Interest in research on health care has become quite substantial, in part as a result of the recent emergence of public-policy concern for quality assurance and cost-containment. Yet, the essence of this novel line of research has remained, regrettably, a matter of confusion. In particular, the distinction between health care research on one side and health research on the other is being missed in some eminent writings. We emphasize that, properly, the former is to be viewed as having health care, rather than health, as its object, and as being largely descriptive fact-finding about the nature and occurrence of various processes of health care. In these terms it serves policy and administrative decisions in the context of whatever knowledge is available from health research--as to the health consequences of such processes of care. Health research (applied), in turn, addresses the nature and occurrence of phenomena of health (their frequency)--in relation to type of health care, inter alia. Using the example of the North Karelia project, we illustrate the negative consequences of including under health care research inquiries into the premises of health care--notably studies on the effects of care on health outcome.
University-based researchers in Manitoba, Canada, have used administrative data routinely collected as part of the national health insurance plan to design an integrated database and population-based health information system. This information system is proving useful to policymakers for answering such questions as: Which populations need more physician services? Which need fewer? Are high-risk populations poorly served? or do they have poor health outcomes despite being well served? Does high utilization represent overuse? or is it related to high need? More specifically, this system provides decision makers with the capability to make critical comparisons across regions and subregions of residents' health status, socioeconomic risk characteristics and use of hospitals, nursing homes, and physicians. The system permits analyses of demographic changes, expenditure patterns, and hospital performance in relation to the population served. The integrated database has also facilitated outcomes research across hospitals and countries, utilization review within a single hospital, and longitudinal research on health reform. The discussion highlights the strengths of integrated population-based information in analyzing the health care system and raising important questions about the relationship between health care and health.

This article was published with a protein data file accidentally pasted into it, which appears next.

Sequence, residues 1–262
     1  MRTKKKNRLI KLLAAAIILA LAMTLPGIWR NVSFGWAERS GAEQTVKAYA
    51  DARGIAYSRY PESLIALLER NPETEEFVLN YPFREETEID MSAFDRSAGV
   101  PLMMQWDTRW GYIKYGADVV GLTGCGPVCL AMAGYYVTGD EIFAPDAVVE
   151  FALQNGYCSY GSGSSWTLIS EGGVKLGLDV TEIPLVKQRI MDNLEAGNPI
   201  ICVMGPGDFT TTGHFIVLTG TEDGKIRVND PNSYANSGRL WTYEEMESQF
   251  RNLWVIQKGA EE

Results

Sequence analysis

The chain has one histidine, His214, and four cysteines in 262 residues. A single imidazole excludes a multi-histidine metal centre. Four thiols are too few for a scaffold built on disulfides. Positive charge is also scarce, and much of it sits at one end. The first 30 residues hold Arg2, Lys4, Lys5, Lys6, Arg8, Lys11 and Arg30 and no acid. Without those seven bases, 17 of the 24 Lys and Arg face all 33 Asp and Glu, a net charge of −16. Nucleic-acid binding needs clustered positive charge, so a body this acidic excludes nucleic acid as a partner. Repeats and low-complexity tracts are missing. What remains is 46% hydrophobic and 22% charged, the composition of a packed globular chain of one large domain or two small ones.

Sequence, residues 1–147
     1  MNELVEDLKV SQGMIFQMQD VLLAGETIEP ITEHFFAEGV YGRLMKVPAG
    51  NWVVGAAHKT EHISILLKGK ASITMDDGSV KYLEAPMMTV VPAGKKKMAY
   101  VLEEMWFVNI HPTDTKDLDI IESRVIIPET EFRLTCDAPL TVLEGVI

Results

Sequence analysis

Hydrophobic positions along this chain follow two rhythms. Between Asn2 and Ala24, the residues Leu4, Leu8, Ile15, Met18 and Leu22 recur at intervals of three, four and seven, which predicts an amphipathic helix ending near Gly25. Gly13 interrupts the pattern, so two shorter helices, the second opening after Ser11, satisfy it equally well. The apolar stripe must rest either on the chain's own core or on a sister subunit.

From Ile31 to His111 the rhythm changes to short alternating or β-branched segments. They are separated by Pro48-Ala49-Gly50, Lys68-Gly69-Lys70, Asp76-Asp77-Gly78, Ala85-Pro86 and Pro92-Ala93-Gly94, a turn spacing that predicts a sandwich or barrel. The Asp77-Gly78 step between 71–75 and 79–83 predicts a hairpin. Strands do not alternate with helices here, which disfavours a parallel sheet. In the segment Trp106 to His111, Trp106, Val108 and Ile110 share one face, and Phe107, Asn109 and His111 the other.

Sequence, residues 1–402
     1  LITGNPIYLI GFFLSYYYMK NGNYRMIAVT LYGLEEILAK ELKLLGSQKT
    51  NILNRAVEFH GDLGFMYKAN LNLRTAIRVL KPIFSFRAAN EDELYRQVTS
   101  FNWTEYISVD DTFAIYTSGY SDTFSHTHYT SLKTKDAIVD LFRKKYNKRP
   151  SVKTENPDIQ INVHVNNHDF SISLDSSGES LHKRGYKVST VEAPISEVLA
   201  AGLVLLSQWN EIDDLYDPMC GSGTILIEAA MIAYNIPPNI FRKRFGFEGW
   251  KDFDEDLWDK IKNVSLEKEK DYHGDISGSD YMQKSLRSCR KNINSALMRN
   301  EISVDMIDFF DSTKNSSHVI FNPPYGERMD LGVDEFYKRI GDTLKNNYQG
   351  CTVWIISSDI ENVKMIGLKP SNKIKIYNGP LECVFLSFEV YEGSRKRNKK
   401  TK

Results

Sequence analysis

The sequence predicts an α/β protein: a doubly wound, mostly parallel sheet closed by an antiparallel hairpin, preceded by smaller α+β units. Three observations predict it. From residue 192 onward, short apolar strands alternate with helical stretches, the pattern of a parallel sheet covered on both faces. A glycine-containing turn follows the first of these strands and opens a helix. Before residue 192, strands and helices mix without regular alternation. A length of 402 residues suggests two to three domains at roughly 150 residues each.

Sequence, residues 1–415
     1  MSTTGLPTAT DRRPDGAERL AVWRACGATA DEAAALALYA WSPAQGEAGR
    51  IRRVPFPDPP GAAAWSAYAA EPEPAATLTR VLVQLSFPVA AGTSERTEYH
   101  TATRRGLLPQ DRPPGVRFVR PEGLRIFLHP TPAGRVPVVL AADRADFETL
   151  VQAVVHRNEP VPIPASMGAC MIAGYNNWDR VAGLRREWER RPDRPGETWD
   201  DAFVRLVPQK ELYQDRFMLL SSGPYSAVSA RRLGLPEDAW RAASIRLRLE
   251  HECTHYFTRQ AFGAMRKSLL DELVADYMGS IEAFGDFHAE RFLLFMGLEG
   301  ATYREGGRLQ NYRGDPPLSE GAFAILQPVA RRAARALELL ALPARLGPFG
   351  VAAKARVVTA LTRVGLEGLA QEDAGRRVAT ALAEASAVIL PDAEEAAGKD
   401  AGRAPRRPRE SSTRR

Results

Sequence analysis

University-based researchers in Manitoba, Canada, have used administrative data routinely collected as part of the national health insurance plan to design a population-based health information system (POPULIS). Decision-makers can use this system to make critical comparisons across regions of residents' health status, socioeconomic risk characteristics, and use of hospitals, nursing homes, and physicians. Policy makers have found this information system useful in providing answers to questions they are often asked: Which populations need more physician services? Which need fewer? Are high-risk populations poorly served or do they have poor health outcomes despite being well served? Does high utilization represent overuse or is it related to high need? Three commentaries follow.